The 8" chef is the workhorse, and if I could only have one it would be this knife. The 10" slicer rarely gets used. The 4" rabbit (paring) knife is a daily performer, the 6" boning knife is nice to have as is the 8" bread knife. The kitchen shears get heavy use. I use the 10" steel as needed.

In short, for $100 I got a lot of bang for the buck and only one "clunker" knife, the slicer, and even it gets used a few times a year when I'm doing a turkey or roast, or for slicing up beef ribs. I added a Montana Knife Works 8" Santoku (a "what the Hell, it's cheap" purchase at a CostCo sale) that gets used when the wife is hogging the Chef's knife when we are both doing prep and a 3" Forschner flexible paring knife the wife wanted.

I don't think this kit will make anybody who has topflight custom or forged knives drop what they have, but several guests who have tried them have been favorably impressed, and my wife now takes the knives she'll need with her if she'll be working out of our kitchen rather than chance having to make do with something else.

dpm802
08-21-2009, 12:48 AM
I offer up Victorinox Forschner knives as inexpensive and high quality

+1 on these knives ... they get excellent reviews from home cooks and pros alike. I've been wanting a set for years. I can order them from Amazon (http://www.amazon.com/s/ref=nb_ss?url=search-alias%3Daps&field-keywords=Victorinox+Forshner&x=13&y=22), except I wanted to see 'em in person before I bought them online. But I can't find them in any BnM stores.

You can get 9 Victorinox knives (i.e. Chef+Utility+Paring (http://www.amazon.com/Victorinox-Cutlery-3-Piece-Fibrox-Handles/dp/B0000CF99O/ref=sr_1_3?ie=UTF8&qid=1250836701&sr=8-3), 6 Steaks (http://www.amazon.com/Victorinox-Cutlery-6-Piece-Steak-Knife/dp/B0009NZ6JS/ref=sr_1_17?ie=UTF8&s=home-garden&qid=1250836796&sr=8-17)) for around $100.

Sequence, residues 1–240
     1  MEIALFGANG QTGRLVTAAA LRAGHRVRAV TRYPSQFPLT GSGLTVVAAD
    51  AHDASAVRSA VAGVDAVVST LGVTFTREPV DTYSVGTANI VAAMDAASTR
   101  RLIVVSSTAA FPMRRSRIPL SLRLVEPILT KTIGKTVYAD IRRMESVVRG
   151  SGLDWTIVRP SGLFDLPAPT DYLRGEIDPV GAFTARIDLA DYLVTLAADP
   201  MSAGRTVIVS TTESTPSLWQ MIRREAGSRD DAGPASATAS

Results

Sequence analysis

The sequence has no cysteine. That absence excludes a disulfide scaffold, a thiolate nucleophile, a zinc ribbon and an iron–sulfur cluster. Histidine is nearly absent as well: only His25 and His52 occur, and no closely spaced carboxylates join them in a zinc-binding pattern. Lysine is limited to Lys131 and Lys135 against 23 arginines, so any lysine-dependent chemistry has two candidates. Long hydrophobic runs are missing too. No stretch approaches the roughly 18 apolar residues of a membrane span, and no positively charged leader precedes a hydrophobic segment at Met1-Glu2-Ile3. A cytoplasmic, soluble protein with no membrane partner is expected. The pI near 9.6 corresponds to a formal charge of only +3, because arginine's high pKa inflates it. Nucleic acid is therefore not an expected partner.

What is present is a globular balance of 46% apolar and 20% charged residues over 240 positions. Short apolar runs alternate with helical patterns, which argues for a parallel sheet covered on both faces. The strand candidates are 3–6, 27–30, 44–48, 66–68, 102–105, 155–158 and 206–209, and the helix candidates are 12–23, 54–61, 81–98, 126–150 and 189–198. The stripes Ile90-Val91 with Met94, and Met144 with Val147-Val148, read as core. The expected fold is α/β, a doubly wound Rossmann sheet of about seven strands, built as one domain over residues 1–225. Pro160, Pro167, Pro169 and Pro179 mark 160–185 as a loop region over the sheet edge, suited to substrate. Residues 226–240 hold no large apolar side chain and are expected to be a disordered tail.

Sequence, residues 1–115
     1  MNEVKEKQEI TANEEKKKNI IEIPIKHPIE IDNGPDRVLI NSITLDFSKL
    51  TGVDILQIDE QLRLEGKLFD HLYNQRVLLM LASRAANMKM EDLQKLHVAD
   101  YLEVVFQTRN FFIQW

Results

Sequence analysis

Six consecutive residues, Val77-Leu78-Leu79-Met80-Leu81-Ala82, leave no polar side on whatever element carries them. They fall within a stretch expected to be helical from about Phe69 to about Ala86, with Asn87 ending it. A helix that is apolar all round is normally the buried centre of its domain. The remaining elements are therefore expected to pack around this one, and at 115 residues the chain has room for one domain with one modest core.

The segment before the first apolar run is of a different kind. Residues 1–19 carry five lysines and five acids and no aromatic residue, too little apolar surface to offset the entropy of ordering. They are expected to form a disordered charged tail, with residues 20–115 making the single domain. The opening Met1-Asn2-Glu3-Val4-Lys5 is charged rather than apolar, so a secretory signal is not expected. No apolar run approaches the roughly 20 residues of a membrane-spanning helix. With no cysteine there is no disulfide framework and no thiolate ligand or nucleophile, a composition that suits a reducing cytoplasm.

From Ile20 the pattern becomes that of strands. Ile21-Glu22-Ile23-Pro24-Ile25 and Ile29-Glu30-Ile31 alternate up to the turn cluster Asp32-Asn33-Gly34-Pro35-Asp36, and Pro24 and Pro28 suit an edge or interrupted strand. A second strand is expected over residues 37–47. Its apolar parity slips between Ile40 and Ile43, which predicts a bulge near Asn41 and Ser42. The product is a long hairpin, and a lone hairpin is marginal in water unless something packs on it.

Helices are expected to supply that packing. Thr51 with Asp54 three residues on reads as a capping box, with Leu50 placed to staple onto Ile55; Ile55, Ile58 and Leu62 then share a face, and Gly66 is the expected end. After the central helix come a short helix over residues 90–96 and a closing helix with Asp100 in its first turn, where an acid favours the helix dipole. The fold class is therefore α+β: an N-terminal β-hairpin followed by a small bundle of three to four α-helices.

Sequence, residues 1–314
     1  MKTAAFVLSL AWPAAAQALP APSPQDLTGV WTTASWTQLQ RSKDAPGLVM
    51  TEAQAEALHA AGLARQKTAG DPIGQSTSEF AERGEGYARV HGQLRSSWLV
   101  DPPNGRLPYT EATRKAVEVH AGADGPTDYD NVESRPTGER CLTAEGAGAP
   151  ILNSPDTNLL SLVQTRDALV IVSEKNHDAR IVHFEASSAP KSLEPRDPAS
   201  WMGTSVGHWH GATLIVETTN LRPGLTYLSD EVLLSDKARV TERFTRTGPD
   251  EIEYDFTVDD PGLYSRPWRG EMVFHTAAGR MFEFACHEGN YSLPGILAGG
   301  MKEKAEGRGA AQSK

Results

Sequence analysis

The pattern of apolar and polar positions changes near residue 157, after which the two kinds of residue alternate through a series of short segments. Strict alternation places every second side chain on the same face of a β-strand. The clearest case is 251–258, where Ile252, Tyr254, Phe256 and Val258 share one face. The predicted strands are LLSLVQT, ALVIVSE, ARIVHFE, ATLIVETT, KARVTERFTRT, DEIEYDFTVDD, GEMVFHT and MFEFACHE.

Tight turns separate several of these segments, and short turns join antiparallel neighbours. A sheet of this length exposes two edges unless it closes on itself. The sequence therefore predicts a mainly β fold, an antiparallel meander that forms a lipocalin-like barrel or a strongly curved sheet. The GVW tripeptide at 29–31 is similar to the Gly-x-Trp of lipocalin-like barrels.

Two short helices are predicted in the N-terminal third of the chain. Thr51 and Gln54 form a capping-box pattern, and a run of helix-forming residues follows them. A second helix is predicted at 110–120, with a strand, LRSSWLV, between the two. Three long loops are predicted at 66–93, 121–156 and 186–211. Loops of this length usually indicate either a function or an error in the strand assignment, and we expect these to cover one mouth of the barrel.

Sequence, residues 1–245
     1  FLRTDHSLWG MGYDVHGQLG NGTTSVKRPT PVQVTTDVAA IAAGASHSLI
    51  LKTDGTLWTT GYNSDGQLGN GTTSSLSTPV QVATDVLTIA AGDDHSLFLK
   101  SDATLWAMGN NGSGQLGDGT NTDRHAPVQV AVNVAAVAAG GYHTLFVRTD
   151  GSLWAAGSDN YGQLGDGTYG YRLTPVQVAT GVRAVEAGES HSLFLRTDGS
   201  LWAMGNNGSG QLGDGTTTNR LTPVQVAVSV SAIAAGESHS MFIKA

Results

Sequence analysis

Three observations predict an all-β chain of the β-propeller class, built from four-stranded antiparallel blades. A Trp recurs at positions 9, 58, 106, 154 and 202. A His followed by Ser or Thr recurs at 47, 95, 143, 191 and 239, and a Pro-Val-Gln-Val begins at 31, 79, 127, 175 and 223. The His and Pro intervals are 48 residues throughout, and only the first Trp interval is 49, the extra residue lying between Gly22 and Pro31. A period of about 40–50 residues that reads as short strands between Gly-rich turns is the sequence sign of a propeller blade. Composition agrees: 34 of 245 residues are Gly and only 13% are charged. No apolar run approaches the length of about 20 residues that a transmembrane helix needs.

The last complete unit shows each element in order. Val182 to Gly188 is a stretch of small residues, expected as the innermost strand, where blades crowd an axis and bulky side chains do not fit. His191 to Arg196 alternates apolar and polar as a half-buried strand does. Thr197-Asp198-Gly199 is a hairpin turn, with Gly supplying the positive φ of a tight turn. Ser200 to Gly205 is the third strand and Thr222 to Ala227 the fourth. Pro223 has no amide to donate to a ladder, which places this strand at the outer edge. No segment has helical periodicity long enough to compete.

wimbouman
08-21-2009, 02:51 AM
I think a Gyuto (http://www.watanabeblade.com/english/pro/gyuto.htm)is a nice all round knife.

I use this beauty together with a chef's knife and an office knife:

http://www.watanabeblade.com/english/pro/kurouchi.jpg

holiday
08-21-2009, 04:07 AM
If you decide to spend a whack on quality japanese/german knives, you need to be able to hone them properly on stones, otherwise once they start to dull they will be pretty redundant & no better than a cheap knife. This is a worthwhile skill to learn(if you can't already). I always recommend the victorinox knives to home cooks, I think they are excellent value & get the job done. I still use one thats about 10 years old for heavier tasks when I'm worried about damaging my more expensive knives. Like splitting lobsters for example. The blade on the Victorinox is still in great condition & takes a good edge, its more than sharp enough for general use. May I also recommend MAC knives, they have an inexpensive line called superior, I use the 8'' utility knife over any of my other knives daily.

blantyre
08-21-2009, 05:00 AM
I would start out with a qualty chef's knife (8-10"). a serrated edge, and a parer from a quality mfg like Sabatier, Wusthof... and a steel to keep them sharp. Hand wash the knives only. Add more knives as needed.